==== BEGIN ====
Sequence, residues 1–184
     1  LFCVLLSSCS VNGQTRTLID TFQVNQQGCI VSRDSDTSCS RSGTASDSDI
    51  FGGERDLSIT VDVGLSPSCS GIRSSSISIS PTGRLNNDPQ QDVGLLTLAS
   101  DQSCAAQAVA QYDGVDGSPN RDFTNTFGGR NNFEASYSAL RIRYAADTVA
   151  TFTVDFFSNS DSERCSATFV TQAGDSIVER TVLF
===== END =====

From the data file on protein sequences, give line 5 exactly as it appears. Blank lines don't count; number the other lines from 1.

   151  TFTVDFFSNS DSERCSATFV TQAGDSIVER TVLF